President Donald Trump's decision to cancel a program that deferred prosecution of immigrants brought to this country illegally as children dominates the editorial cartoons this week. The so-called "Dreamers" were given a six-month reprieve from cancellation of the Deferred Action for Childhood Arrivals program, or DACA, to give Congress time to enact a fix. Lawmakers have been trying -- and failing -- to enact the DREAM Act since 2001.
This week's editorial cartoons focus exclusively on last weekend's events in Charlottesville, Virginia, when a march led by white nationalists and neo-Nazis ended in a riot and the death of a counter-protester. Two state troopers also died when their helicopter crashed. The protest was ostensibly about the city's plan to move a statue of Confederate Gen. Robert E. Lee from a public park. Many cartoonists seized on the imagery of statues to comment on the nation's unresolved conflict over race.
That would be Anthony Scaramucci, whose tenure as White House communications director was as brief as it was turbulent. Washington was still marveling over Scaramucci's profane take-down of Chief of Staff Reince Priebus (who quit) and presidential adviser Steve Bannon (who didn't) when new Chief of Staff John Kelly fired him. Editorial cartoonists depicted the White House as a messy kitchen, battle, a circus, a blender and the Titanic.
Muck Rack makes it simple to find people, tweets, or articles that mention any name, keyword, company, hashtag etc. We've compiled this guide to help you make the most of your search.
Selecting a term
Start searching tweets, articles from media outlets, articles mentioned in tweets, journalists'
names, titles and bios with some suggested searches:
Companies or Topics (e.g. iPhone, Microsoft)
Phrases (e.g. "cloud computing") — use quotes to keep the terms together
Twitter handles (e.g. @username) — returns those who have mentioned or replied to
Names (e.g. "David Pogue")
Hashtags (e.g. #sxsw, #london2012)
Bio details (e.g. vegan, Olympics, father)
Muck Rack's Advanced Search allows for many boolean operators.
Find results that mention multiple specified terms, use AND or
+. For example, ensure each result contains both Elon Musk and Mark Zuckerberg by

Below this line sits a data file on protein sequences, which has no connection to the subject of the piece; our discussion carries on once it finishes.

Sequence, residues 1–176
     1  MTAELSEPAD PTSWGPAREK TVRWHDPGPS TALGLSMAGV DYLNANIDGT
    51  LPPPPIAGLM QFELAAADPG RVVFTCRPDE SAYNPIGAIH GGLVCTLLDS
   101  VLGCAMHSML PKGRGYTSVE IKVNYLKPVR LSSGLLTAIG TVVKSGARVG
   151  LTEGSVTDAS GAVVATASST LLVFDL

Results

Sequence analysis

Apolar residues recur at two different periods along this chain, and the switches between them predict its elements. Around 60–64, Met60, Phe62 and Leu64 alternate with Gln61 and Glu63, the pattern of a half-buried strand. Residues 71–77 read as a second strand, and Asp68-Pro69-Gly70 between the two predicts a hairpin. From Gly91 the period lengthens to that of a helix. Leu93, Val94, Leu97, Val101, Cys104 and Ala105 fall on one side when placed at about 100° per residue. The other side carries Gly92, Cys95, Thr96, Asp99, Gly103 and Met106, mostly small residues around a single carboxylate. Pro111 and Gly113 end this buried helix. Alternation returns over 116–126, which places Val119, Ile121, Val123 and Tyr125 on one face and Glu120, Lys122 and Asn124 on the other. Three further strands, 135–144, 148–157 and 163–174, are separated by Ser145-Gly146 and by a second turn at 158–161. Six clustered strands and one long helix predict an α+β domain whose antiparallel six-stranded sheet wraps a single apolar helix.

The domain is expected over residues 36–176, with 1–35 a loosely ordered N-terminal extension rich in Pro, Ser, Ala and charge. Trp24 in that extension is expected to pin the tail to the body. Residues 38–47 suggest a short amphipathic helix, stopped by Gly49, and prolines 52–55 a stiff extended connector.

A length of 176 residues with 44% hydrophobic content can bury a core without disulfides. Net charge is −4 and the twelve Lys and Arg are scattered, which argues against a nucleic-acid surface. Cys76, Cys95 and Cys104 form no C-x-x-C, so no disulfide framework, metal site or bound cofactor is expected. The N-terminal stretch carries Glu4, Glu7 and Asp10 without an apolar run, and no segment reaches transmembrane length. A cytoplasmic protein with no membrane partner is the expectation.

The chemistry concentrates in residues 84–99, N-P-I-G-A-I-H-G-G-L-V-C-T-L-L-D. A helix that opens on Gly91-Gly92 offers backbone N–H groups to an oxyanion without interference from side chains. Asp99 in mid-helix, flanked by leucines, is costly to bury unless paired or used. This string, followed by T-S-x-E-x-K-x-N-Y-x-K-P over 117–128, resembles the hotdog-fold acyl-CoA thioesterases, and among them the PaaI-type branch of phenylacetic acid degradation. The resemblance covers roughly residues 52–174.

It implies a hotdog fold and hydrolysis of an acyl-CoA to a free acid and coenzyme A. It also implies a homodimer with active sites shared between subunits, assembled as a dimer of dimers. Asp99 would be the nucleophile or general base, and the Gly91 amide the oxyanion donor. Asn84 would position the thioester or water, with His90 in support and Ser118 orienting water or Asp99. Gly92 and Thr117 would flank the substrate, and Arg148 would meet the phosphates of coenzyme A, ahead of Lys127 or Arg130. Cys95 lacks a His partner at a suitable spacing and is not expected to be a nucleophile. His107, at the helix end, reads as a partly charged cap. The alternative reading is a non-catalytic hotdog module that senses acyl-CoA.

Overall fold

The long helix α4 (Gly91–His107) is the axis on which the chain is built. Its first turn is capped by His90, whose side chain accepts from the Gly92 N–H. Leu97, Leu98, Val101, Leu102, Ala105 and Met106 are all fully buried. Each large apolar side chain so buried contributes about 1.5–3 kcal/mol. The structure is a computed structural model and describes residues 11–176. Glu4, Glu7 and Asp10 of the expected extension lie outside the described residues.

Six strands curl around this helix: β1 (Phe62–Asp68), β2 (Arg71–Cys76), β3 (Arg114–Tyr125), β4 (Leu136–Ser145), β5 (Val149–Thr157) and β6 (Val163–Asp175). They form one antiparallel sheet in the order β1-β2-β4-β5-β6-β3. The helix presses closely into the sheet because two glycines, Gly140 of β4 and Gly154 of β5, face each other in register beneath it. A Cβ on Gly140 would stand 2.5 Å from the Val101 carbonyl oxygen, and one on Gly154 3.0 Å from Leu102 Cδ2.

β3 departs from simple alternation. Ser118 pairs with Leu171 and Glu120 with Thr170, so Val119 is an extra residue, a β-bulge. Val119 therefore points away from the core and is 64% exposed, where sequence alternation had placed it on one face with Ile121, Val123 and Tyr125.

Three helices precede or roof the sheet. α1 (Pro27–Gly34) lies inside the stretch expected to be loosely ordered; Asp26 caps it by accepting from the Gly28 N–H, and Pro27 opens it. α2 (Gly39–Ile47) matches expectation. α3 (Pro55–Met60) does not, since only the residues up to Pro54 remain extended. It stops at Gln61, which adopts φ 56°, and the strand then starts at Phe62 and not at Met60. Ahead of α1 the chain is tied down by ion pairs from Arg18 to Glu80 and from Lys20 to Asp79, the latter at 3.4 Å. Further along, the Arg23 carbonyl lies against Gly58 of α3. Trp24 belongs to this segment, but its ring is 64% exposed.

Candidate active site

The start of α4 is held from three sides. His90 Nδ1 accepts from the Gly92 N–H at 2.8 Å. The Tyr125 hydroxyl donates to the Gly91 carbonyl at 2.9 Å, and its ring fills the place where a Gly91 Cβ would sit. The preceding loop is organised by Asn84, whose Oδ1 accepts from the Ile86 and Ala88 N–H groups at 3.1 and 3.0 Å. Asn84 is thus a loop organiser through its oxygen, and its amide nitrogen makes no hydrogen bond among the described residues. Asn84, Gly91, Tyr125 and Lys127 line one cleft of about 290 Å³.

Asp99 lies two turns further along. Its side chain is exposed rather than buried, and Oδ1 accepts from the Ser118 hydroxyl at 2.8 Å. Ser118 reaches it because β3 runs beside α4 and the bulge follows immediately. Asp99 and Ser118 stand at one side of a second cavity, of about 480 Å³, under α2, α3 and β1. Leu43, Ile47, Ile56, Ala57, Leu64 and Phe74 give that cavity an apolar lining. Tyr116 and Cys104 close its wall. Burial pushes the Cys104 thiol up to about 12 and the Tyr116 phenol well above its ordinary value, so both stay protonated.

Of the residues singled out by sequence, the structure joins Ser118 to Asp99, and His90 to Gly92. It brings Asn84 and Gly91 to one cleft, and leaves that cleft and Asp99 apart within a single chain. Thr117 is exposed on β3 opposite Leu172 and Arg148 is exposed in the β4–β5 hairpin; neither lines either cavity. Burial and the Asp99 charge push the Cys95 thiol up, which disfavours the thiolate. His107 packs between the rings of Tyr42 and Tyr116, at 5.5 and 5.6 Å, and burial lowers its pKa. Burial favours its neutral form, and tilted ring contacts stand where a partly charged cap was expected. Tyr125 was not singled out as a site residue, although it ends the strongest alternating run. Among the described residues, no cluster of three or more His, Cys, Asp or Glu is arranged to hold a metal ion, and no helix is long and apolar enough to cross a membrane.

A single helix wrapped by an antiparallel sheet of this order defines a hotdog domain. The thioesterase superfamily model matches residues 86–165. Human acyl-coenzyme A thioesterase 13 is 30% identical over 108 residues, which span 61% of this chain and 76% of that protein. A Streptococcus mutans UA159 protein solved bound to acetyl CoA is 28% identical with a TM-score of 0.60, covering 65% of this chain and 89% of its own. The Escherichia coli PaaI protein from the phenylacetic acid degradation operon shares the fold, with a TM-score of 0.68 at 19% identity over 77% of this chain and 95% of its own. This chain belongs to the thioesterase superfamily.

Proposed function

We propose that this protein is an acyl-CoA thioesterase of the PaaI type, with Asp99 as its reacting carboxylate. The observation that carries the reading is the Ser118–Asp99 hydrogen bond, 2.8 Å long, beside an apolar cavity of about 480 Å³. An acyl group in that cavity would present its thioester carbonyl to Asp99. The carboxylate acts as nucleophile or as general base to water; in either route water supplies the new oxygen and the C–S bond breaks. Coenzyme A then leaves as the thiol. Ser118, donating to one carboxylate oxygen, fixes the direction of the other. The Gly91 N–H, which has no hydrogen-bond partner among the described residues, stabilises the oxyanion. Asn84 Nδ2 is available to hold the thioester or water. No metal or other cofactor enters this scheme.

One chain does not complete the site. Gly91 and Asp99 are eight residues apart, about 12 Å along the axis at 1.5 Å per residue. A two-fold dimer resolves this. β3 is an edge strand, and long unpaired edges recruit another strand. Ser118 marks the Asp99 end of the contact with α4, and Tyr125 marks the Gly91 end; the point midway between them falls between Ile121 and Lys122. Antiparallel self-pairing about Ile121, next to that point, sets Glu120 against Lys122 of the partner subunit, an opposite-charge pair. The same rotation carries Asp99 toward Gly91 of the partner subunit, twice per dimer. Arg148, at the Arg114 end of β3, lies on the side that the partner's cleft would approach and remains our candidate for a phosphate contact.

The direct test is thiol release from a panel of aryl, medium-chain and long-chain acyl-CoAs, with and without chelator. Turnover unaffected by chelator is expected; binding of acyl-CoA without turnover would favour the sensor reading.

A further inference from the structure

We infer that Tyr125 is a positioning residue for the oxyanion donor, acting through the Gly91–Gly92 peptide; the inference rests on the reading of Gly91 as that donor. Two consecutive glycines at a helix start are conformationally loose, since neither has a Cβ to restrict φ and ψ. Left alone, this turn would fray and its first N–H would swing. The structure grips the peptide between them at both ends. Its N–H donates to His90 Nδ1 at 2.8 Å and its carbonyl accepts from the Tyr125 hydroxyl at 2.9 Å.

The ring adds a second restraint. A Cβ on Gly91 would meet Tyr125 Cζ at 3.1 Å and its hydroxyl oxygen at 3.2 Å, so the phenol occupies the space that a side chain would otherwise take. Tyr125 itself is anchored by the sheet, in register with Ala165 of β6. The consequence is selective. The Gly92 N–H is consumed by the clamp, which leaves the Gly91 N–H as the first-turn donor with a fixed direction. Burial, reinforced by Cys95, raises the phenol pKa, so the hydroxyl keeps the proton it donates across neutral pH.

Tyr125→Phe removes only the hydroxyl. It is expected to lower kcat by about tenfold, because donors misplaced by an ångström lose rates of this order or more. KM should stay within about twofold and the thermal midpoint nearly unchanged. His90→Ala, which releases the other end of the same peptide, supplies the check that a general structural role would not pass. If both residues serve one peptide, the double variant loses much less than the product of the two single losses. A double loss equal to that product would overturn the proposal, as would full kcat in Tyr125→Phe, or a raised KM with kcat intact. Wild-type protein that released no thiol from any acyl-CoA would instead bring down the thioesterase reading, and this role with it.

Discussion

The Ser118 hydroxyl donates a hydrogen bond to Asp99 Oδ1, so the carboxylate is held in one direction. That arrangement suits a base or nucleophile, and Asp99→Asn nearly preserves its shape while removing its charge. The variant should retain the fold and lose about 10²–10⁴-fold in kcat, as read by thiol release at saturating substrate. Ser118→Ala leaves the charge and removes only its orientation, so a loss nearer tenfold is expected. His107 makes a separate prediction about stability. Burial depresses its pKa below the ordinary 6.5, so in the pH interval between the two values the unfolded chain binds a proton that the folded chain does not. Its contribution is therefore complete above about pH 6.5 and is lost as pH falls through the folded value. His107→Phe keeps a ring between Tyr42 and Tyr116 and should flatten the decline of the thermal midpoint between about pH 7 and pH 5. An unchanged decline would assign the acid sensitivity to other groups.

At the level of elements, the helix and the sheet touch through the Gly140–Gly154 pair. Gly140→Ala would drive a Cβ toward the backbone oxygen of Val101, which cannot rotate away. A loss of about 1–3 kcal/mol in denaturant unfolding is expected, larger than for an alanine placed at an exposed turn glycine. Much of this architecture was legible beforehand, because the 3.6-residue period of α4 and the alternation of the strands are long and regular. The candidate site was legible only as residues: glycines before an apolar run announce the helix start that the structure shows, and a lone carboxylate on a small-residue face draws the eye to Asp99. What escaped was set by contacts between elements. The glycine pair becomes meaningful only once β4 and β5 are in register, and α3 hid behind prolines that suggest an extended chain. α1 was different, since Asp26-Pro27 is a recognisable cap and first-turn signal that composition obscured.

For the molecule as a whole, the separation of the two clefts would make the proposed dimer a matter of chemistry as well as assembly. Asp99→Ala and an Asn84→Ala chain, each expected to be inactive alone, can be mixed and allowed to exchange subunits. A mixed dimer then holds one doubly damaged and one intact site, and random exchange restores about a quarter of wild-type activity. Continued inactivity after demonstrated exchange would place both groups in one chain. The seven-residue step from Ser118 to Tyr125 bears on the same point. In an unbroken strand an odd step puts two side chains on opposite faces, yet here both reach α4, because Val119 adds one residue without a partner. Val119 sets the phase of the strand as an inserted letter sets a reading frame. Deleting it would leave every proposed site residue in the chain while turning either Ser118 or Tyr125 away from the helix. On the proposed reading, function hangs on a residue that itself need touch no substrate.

searching Obama AND Romney or Obama + Romney.
Use the operators OR or , to broaden your search when you'd like either of
multiple terms to appear in results. (This is the default behavior of our search when no operators
are used.) For example, search for democrat OR republican to find results that refer to
Democrats and/or Republicans.
Use NOT or - to subtract results from your search. For
example, searching Disney will yield results about the Walt Disney Company as well as Walt Disney
World Resort. To exclude mentions of Disney World, search for Disney -World or Disney
When using one of these operators with a phrase, enclose it in quotation marks. For example, you can
find results about smartphones excluding Apple's iPhone 4S by searching smartphone -"iPhone
Exact case matching or punctuation
If you're searching for a brand name or keyword that relies on specific punctuation marks or capitalization, you can
find results that match your exact query by adding matchcase: before the keyword you're searching for, like matchcase:E*TRADE .
Use parentheses to separate multiple
boolean phrases. For example, to find journalists talking about having fun in Disney World or
Disneyland, search for ("disney world" OR disneyland) AND fun.
An asterisk can be used to search for any variation of a root word truncated by the asterisk. For example, searching for admin* will return results for administrator, administration, administer, administered, etc.
A near operator is an AND operator where you can control the distance between the words. You can vary the distance the near operation uses by adding a forward slash and number (between 0-99) such as strawberries NEAR/10 "whipped cream", which means the strawberries must exist within 10 words of "whipped cream".